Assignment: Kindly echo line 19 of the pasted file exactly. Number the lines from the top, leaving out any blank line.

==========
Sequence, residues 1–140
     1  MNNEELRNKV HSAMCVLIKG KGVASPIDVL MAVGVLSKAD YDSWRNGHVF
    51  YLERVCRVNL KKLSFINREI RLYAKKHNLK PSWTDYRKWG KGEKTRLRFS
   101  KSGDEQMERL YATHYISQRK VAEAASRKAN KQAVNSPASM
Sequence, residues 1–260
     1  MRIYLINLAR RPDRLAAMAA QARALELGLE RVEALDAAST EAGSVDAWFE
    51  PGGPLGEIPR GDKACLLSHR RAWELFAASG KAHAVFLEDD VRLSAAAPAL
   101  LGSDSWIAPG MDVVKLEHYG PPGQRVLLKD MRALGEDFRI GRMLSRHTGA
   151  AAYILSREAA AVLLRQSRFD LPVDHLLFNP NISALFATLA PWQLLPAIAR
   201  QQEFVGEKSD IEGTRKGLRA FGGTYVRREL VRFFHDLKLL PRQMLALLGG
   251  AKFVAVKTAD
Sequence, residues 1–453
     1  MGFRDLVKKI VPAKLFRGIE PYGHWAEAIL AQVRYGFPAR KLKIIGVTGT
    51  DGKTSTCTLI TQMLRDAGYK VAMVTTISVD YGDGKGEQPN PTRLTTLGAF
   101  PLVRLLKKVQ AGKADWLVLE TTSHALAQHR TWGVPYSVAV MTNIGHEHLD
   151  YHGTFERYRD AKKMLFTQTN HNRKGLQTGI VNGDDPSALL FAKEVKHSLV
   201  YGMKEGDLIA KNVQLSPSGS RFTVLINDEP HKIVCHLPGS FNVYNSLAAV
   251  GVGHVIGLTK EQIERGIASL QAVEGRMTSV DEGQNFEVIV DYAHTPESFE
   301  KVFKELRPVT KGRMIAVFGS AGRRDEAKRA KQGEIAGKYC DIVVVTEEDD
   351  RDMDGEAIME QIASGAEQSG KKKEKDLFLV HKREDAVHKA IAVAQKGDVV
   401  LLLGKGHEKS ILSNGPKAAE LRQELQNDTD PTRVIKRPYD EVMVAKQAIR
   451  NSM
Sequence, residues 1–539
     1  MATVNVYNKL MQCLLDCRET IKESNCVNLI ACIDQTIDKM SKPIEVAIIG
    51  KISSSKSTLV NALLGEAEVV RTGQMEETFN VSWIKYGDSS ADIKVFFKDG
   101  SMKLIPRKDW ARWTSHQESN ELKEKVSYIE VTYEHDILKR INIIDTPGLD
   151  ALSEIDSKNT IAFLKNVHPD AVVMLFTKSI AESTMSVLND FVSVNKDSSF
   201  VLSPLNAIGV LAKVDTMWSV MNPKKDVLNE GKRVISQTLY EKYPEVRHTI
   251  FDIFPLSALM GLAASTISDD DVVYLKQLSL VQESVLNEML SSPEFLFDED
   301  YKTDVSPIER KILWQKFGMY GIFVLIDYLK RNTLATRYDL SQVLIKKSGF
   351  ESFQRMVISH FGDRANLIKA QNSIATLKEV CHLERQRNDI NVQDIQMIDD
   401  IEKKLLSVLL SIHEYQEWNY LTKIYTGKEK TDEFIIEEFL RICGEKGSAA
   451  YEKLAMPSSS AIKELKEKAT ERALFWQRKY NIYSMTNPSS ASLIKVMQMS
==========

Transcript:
   301  KVFKELRPVT KGRMIAVFGS AGRRDEAKRA KQGEIAGKYC DIVVVTEEDD